What They Do - these slightly contradictory physical requirements make the center position sound demanding, and it is. The center position is usually where the defense catches up with the ball movement in the backline, meaning that the centers are more likely to get tackled carrying the ball at full speed more often than any other position players.
By that same token, centers will be making more tackles on defense than other members of the backline as well, and they will generally be hitting other centers or pack players as play breaks down, meaning not only that they are involved in more tackles than other backs, but they also end up hitting people the same size as, or larger than, themselves.
This is the way an effective rugby back line is supposed to work. Ideally, on offense, the centers provide a link from the halfbacks to the wings and fullback, moving the ball quickly to the other side of the field before the opposing defense can pursue. In fact, the flyhalf will communicate the manner in which the backline will complete this maneuver right before receiving the ball from the scrumhalf.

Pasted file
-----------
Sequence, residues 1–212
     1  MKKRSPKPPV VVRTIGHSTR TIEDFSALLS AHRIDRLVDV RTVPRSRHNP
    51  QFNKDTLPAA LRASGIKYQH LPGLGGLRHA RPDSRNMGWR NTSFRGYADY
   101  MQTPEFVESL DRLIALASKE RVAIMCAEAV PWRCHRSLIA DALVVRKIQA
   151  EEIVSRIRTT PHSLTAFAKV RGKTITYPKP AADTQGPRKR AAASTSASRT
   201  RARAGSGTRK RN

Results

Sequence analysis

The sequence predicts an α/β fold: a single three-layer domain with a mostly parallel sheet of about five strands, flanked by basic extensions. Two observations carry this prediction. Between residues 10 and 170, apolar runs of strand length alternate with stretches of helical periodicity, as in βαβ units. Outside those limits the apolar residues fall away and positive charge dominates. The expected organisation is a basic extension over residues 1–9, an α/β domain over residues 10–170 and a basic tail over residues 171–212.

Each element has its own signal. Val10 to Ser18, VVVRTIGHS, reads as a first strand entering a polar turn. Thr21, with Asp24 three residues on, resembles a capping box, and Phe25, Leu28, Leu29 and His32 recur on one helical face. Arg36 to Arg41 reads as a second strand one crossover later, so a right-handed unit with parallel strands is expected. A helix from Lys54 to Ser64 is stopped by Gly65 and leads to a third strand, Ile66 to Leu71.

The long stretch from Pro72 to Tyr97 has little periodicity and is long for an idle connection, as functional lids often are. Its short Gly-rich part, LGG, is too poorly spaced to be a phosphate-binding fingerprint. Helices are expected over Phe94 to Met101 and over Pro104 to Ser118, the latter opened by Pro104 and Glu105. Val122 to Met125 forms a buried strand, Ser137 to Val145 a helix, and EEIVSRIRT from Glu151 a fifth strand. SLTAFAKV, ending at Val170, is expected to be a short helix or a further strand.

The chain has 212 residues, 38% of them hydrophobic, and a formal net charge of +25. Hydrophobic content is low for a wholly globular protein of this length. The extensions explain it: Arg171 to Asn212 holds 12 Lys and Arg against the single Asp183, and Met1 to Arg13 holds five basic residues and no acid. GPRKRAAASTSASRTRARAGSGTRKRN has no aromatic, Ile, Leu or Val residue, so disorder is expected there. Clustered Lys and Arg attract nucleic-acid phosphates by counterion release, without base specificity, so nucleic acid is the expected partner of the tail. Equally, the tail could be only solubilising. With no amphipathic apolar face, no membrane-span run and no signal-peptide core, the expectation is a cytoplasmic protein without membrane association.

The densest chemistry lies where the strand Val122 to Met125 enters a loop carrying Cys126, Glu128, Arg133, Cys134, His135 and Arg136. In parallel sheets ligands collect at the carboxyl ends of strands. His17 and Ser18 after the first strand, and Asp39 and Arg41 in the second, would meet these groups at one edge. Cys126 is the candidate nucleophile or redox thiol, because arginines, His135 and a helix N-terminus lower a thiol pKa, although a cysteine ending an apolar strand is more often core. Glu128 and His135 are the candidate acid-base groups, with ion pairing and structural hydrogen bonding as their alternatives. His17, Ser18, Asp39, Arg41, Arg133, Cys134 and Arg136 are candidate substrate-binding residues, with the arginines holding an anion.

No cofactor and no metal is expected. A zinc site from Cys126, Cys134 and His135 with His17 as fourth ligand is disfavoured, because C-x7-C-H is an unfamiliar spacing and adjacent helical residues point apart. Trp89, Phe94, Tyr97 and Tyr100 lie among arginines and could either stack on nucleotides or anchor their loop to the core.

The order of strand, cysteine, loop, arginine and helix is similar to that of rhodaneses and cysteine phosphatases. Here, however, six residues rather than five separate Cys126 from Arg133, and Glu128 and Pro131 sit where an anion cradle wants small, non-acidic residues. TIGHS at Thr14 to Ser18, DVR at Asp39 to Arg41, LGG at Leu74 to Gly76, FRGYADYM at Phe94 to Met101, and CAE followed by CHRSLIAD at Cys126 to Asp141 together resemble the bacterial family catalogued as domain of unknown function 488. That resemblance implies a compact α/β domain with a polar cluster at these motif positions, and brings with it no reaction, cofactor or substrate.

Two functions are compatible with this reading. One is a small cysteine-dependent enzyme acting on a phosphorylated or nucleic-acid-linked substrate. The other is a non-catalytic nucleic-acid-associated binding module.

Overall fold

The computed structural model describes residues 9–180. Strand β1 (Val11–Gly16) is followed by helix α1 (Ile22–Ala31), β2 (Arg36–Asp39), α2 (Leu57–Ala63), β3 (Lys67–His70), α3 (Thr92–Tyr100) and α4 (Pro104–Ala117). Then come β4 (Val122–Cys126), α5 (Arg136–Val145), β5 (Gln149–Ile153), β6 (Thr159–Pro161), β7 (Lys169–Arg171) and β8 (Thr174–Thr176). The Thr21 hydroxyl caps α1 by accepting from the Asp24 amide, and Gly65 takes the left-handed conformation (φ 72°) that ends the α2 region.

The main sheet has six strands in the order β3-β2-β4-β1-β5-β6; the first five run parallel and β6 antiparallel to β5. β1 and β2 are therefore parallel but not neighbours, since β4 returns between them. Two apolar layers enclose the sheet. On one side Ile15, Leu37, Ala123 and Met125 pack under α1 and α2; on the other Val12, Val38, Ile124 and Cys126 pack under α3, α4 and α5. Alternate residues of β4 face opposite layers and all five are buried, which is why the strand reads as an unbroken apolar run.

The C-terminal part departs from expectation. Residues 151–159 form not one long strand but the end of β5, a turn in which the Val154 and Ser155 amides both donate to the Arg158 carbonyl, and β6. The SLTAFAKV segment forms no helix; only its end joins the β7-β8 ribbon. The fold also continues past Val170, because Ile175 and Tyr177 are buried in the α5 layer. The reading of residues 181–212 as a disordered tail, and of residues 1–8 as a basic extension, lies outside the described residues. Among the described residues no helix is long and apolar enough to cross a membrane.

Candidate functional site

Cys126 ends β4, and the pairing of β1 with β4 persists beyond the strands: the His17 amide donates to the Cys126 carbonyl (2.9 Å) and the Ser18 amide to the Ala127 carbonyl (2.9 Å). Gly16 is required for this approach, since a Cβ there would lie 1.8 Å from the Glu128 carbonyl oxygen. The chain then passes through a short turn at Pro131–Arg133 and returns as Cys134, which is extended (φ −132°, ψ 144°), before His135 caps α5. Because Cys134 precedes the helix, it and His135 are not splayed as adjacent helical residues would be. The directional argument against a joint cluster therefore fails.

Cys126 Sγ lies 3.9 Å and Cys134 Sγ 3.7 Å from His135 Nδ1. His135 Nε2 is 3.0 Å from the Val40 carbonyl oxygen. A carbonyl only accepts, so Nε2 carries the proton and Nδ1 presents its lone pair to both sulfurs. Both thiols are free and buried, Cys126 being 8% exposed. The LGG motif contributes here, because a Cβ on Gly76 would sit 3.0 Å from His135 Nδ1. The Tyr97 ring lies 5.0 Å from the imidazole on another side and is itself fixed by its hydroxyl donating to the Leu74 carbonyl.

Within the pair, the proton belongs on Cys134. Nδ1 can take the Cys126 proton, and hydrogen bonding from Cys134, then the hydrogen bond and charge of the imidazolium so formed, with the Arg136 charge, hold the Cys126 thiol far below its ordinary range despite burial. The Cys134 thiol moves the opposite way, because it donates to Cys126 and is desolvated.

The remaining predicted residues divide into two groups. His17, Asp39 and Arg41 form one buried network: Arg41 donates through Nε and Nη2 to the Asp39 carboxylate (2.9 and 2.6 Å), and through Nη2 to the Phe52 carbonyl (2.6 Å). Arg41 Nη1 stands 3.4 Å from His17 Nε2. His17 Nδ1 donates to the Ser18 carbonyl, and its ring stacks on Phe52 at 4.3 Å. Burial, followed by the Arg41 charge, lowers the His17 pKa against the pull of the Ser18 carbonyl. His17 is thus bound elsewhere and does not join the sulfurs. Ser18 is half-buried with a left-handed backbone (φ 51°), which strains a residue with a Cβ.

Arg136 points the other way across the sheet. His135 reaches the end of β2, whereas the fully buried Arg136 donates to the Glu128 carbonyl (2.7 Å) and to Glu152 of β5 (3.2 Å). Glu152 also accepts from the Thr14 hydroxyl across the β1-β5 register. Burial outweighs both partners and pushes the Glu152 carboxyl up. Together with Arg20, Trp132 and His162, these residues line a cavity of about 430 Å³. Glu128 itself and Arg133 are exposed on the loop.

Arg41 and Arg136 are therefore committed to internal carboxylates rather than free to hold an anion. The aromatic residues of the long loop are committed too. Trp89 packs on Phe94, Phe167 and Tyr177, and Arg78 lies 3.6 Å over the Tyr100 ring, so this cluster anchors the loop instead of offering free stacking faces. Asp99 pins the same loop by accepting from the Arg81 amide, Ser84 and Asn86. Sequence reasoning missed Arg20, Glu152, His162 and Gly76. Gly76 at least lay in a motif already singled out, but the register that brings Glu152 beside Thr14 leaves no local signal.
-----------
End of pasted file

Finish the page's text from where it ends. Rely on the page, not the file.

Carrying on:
In real life, what usually happens is that the opposition backline and flankers close on the offense by the time the ball gets to one of the centers, at which point the center with the ball will either get tackled, ending the first phase of the offense, or will exploit a gap in the defense and either kick or run with the ball, re-orienting the offense. In both cases, unless the center scores, both centers are likely to absorb punishment, either getting tackled as the ball carrier, or as the first person to form a ruck or maul on the ball carrier.